Execs don't trust their own companies with private information

2006

Even as we are all being asked to trust a growing army of companies and official bodies with private or sensitive information. Yet a new international survey has found that almost a third of senior executives do not trust their own companies to handle this type of information.

The disturbing finding emerges from a from a survey of more than 1,700 senior-level corporate and technology leaders in the USA and UK looking at the importance, impact and influence of trust, privacy and security within the corporate world.

Conducted by Unisys in partnership with the Ponemon Institute, a privacy research organisation, the study also found that despite a growing awareness of risk management and security issues in the corporate world, more than a third of the companies polled do not task senior leaders with protecting the trust that customers, investors and even their own employees have placed in those companies.

And not only do a third of executives not trust their own companies, the same proportion are either unsure or don't think that most of their business partners consider them to be trustworthy.

"It concerns me to see the overall lack of preparedness among business leaders to monitor and protect the trust their companies have with customers, vendors and even employees, especially given how devastating a breach of trust is to a company's reputation and bottom line," said Mike Gibbons, vice president and general manager of enterprise security at Unisys.

"Of equal concern is the disconnect between business and IT executives over how to build a trusted organisation — trust must be the cornerstone of every risk management plan.

The first phase of the research polled CEOs and other senior business executives, as well as senior IT executives at leading U.S. and U.K. companies, and found a clear disconnect between the views of business leaders and technology leaders on the factors that build and erode trust.

IT leaders placed a much stronger emphasis on protecting privacy and IT security, while business leaders focused on more financial-oriented measures.

Business leaders placed value on risk management and good corporate governance practices to build trust much more than did IT leaders. IT leaders, meanwhile, viewed positive media coverage, IP protection and responsible marketing practices as building trust much more than did business leaders.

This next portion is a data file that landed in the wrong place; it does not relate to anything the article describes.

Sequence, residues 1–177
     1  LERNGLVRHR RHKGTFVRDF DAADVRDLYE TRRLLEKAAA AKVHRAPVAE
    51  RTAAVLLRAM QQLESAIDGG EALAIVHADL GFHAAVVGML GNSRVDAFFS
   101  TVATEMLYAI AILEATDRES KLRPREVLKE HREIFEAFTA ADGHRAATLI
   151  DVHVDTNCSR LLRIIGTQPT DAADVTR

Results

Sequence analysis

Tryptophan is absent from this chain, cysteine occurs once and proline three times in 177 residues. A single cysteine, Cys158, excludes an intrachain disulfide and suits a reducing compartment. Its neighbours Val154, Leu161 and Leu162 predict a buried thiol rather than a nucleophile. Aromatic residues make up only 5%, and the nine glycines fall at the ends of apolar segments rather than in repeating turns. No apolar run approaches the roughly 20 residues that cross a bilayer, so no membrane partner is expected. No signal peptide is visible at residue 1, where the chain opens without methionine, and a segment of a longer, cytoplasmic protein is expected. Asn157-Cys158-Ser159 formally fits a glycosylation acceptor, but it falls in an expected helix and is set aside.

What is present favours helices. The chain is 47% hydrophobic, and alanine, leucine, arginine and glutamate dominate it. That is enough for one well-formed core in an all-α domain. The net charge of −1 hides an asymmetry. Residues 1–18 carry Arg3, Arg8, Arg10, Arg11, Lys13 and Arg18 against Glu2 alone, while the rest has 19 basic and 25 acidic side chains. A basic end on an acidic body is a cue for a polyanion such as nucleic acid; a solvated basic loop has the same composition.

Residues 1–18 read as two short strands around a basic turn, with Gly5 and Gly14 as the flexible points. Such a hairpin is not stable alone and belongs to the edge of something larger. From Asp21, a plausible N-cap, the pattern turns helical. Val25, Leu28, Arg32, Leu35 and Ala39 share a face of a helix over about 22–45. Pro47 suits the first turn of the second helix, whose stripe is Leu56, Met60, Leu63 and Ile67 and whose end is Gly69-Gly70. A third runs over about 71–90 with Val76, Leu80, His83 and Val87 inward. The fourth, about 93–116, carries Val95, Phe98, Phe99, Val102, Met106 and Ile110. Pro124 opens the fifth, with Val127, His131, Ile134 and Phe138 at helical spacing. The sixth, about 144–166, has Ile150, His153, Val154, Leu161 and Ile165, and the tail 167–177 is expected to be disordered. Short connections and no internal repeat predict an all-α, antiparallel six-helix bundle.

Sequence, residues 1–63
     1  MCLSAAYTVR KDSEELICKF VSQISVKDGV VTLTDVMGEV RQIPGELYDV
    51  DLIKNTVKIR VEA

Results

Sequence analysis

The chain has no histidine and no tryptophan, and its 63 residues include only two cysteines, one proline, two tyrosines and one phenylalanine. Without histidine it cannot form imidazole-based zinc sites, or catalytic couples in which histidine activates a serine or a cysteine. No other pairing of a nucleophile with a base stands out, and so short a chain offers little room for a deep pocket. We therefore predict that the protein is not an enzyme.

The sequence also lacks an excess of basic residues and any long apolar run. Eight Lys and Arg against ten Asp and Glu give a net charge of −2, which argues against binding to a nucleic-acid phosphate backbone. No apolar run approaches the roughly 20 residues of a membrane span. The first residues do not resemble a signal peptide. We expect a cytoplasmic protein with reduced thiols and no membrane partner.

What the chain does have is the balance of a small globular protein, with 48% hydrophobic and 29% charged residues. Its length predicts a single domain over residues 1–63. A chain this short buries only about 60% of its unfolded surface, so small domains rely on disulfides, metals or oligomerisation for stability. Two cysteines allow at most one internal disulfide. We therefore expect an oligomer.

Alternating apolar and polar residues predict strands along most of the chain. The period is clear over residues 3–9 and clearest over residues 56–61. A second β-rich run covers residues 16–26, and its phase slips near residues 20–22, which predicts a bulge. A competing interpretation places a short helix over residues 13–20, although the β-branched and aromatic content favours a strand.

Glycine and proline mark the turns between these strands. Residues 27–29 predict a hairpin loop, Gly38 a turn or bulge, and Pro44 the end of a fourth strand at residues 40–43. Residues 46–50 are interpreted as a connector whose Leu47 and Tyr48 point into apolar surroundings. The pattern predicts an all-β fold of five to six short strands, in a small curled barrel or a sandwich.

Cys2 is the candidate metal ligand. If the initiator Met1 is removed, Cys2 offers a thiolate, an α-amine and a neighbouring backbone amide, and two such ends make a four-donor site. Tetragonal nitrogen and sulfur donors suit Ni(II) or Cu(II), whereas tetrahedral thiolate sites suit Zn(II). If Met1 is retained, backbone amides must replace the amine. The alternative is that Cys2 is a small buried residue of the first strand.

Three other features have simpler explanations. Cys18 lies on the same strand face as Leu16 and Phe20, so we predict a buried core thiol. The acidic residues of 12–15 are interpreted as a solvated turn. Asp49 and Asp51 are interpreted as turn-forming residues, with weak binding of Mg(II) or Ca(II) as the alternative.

They also believed that inadequate intellectual property protection, weak privacy and undependable IT erodes trust much more than do business leaders.

Despite a recent run of poor publicity and security scares, the retail banking sector emerged as the most trusted in both the United States and the United Kingdom. But beyond this, the survey found distinct differences in attitudes on both sideas of the Atlantic.

Health care surfaced as among the most trusted industries in the U.S, yet – possibly as a result of the high-profile and drawn-out failure of NHS computer and database systems- is among the least trusted in the UK.

Less explicably, government emerged as highly trusted in the UK and one of the least trusted sectors in the U.S.

Least trusted in the U.S. were the insurance, telecomm and entertainment and media sectors. In the UK, the entertainment and media, health care and retail sectors brought up the rear.

Factors that erode trust are things like unethical business practices, customer dissatisfaction, lack of respect for employees and customers and poor leadership.

"Trust is an intangible asset that is often overlooked until it's too late," said Larry Ponemon, Ponemon Institute chairman.

"Many companies devote tremendous dollars and resources to increasing market value, but as our research proves, in order to build trust among customers, employees and investors, they may be focused on the wrong factors, or ignoring the right ones altogether."

The research underscores that while more quantifiable factors such as compliance and financial performance tend to get the attention of boards and their leaders, "softer" factors that build trust — how a company treats customers or motivates employees — need equal attention.